Addressing the gender wealth gap in property ownership

CoreLogic’s inaugural Women and Property: State of Play report released on International Women’s Day boosts evidence of the relationship between the gender pay gap and the gender wealth gap.

It suggests addressing gender income equality could support closing the wealth gap as it relates to real estate over time.

The report analysed a 2021 snapshot of property ownership by gender across Australia and New Zealand, by matching ownership gender with 41.2% of Australian properties, and 72.6% of New Zealand properties.

Milena Malev, CoreLogic International’s GM Financial Services & Insurance Solutions, says :

“There has been a lot of emphasis on understanding the access to wealth and earnings for women, but much of this has focused on income from wages, salaries and wealth accumulation in superannuation. Using CoreLogic’s extensive property data universe, we sought to understand rates of female property ownership.”

Women appear to lag behind men in property ownership

Eliza Owen, CoreLogic’s Head of Research and author of the report, says

“Unsurprisingly, the report found that rates of male property ownership are generally higher than women, but with important distinctions that highlight the relationship between the gender wealth gap and the gender pay gap, and have implications for institutional response.

CoreLogic estimates Australia’s residential real estate to be worth over $7 trillion.

Given there’s a high level of equity held in real estate, if you don’t own property, that’s a big source of household wealth and security you don’t have access to.”

save deposit

Implications for retirement

With property ownership being a “pillar” of retirement, outright property ownership reduces housing costs when income has generally dropped, and can significantly reduce the incidence of poverty in retirement.

Property ownership can also provide a source of wealth accumulation to help maintain living standards, service health care or aged care costs, or support intergenerational wealth.

Ms Malev says

“This wealth gap becomes a particular challenge around retirement, and it’s well documented that if you still have rental or mortgage costs at the time you retire, then you have a much higher incidence of falling into poverty.”

Key findings for Australia & New Zealand

  • Unsurprisingly, there were higher rates of property ownership among men than women in both Australia and New Zealand. Property exclusively belonging to owners identified as female represented 26.2% of those analysed across Australia, compared with 20.3% of the properties analysed across New Zealand.
  • Property exclusively belonging to owners identified as male represented 29.9% of the properties analysed across Australia, compared with 22.9% of the properties analysed across New Zealand.
  • In both countries the most common type of ownership was ‘mixed gender’ ownership, where both men and women had ownership of the property. This accounted for 56.8% of properties in New Zealand, and 43.9% of properties in Australia. The mix of male and female ownership implies two or more incomes were used to buy the property.
  • The high rate of mixed gender ownership in New Zealand means that women have a higher portion of total (sole or joint) ownership (77.1%) compared with Australian women (70.1%).
  • Across Australia and New Zealand, rates of female ownership of property tended to be higher in major cities. In Australia, female property ownership is higher where dwelling values are higher, and incomes are typically higher. This reinforces the idea that property ownership is ultimately a function of income, and fixing the gender wealth gap in property could be about fixing the gender pay gap.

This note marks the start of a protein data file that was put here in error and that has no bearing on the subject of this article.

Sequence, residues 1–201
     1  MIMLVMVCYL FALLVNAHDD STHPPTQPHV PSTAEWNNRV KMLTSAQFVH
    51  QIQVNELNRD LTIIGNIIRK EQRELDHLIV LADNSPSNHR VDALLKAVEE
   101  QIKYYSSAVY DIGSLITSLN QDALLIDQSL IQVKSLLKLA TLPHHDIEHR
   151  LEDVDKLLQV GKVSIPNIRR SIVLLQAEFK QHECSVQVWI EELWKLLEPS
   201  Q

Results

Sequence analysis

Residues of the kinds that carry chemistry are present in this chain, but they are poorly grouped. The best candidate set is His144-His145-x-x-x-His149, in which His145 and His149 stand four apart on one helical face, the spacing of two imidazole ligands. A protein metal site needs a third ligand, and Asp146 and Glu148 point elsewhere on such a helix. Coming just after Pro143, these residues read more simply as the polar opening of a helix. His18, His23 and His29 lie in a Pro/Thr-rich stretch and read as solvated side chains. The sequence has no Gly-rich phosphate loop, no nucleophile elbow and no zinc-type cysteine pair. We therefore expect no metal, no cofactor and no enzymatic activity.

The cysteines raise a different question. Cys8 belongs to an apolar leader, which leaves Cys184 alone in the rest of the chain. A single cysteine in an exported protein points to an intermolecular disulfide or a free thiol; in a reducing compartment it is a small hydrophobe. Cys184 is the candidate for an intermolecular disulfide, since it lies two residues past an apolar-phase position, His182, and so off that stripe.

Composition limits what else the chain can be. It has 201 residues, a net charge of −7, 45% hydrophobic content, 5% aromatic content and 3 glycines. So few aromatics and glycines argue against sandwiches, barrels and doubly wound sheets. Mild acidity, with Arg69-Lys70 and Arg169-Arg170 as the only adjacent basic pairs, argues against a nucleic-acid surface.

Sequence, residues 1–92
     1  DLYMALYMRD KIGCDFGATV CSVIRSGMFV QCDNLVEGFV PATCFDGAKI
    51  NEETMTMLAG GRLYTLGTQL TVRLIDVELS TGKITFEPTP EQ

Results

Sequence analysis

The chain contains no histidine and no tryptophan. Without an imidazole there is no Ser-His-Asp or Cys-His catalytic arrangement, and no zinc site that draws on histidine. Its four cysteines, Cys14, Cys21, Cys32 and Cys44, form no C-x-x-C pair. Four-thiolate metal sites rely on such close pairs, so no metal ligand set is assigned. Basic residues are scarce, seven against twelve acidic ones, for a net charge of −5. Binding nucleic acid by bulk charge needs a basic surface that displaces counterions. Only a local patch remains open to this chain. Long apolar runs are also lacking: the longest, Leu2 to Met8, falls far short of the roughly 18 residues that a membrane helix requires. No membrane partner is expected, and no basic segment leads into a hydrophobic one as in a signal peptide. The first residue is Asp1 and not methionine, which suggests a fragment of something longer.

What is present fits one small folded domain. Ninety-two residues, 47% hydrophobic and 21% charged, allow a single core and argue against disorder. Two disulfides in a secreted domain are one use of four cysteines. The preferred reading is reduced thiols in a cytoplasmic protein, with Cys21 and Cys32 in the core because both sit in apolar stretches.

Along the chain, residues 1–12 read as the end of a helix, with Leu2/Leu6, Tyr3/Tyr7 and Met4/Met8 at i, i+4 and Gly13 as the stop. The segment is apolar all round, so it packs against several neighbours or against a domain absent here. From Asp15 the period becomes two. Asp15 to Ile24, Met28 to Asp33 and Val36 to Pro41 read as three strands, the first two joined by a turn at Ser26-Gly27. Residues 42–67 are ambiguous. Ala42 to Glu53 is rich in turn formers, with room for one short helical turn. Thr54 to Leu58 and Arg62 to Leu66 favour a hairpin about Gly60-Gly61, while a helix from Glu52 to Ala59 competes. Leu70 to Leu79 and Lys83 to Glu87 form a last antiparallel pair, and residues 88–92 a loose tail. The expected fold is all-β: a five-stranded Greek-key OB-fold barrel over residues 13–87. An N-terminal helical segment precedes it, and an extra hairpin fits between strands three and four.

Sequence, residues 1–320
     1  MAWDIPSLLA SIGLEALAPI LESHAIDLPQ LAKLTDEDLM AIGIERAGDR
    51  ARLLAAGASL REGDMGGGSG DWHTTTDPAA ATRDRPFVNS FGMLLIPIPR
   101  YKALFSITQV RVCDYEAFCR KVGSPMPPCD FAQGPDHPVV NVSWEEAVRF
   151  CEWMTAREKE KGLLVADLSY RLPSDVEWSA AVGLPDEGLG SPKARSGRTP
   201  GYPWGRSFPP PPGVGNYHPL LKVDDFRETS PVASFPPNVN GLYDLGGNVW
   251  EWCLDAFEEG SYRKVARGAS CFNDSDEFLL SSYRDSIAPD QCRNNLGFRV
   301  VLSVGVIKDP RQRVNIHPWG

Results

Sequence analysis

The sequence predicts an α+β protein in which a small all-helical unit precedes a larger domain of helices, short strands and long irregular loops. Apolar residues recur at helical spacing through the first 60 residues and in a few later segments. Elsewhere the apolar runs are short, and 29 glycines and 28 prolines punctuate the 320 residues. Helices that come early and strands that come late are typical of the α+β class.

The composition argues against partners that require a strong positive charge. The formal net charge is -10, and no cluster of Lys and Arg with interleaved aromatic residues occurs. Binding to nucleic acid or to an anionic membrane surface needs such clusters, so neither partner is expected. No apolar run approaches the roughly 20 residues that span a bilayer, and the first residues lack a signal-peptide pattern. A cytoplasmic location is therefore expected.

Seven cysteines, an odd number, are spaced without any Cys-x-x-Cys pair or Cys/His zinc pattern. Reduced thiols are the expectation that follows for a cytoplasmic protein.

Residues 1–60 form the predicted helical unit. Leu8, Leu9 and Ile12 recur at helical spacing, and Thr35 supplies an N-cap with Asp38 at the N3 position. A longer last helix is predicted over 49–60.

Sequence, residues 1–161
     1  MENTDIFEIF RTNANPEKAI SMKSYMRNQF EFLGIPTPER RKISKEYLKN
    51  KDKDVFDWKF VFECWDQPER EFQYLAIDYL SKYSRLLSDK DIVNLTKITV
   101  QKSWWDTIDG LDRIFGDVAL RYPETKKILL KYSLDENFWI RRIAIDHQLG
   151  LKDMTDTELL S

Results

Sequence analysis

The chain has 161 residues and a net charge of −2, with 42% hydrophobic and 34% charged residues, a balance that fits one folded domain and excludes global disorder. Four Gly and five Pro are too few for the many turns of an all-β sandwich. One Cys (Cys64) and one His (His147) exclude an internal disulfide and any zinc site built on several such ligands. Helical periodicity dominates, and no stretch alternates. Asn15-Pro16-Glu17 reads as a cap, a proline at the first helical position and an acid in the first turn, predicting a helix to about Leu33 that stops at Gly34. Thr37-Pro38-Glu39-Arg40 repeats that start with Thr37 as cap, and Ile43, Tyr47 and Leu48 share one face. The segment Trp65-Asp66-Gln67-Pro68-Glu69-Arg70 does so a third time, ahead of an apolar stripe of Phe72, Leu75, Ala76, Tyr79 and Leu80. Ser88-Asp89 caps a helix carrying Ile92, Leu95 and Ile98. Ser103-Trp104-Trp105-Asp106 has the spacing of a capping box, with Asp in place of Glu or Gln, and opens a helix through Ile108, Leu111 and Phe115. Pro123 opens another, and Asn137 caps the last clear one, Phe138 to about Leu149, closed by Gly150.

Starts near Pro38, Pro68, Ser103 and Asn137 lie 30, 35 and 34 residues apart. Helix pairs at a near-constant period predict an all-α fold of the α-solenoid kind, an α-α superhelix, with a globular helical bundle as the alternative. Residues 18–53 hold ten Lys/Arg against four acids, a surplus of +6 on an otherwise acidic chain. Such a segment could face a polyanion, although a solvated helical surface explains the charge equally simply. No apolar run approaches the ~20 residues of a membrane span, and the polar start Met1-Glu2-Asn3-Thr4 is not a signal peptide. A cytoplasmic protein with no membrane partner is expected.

Rate of Property Ownership by Gender

AUSTRALIA NEW ZEALAND
Exclusively female 26.2% 20.3%
Exclusively male 29.9% 22.9%
Sole female 24.1% 17.4%
Sole male 27.7% 19.2%
Mixed gender 43.9% 56.8%
Women – any share 70.1% 77.1%
Men – any share 73.8% 79.7%

Source: CoreLogic

Key findings for Australia

  • Property ownership rates among women have a positive correlation with dwelling value, in that areas with more expensive housing were found to have higher rates of female property ownership. For men, it’s a negative correlation, so the less expensive the area, the higher the rate of male ownership.
  • In Australia, Greater Melbourne and Regional Victoria were the areas with the highest level of gender parity in ownership rates, with less than 2 percentage points separating male and female rates of ownership. Melbourne also had the lowest rates of properties owned by mixed genders at 38.4%.
  • The largest discrepancy between exclusively male and female ownership in property was across Regional Western Australia, where female owned property represented 19.8% of those analysed compared with 29.3% owned by men.
  • Of the 76 SA4 markets analysed, there were 7 sub-markets of Australia where rates of exclusively female ownership were higher than the rate of exclusively male owned properties. The biggest difference was across the ‘Inner South’ region of Melbourne, where 32.6% of property is exclusively owned by females, compared with 27.6% of properties analysed being exclusively owned by men, and 39.9% having mixed gender ownership.
  • The highest rates of exclusively female ownership was in the Eastern Suburbs of Sydney, where the properties analysed saw 34.8% exclusively owned by women versus 31.7% exclusively owned by men.

 

gender property ownership

 

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Eliza Owen

About

Eliza is head Of Residential Research Australia for Corelogic and a respected property market commentator. Eliza holds a first class honours degree in economics from the University of Sydney


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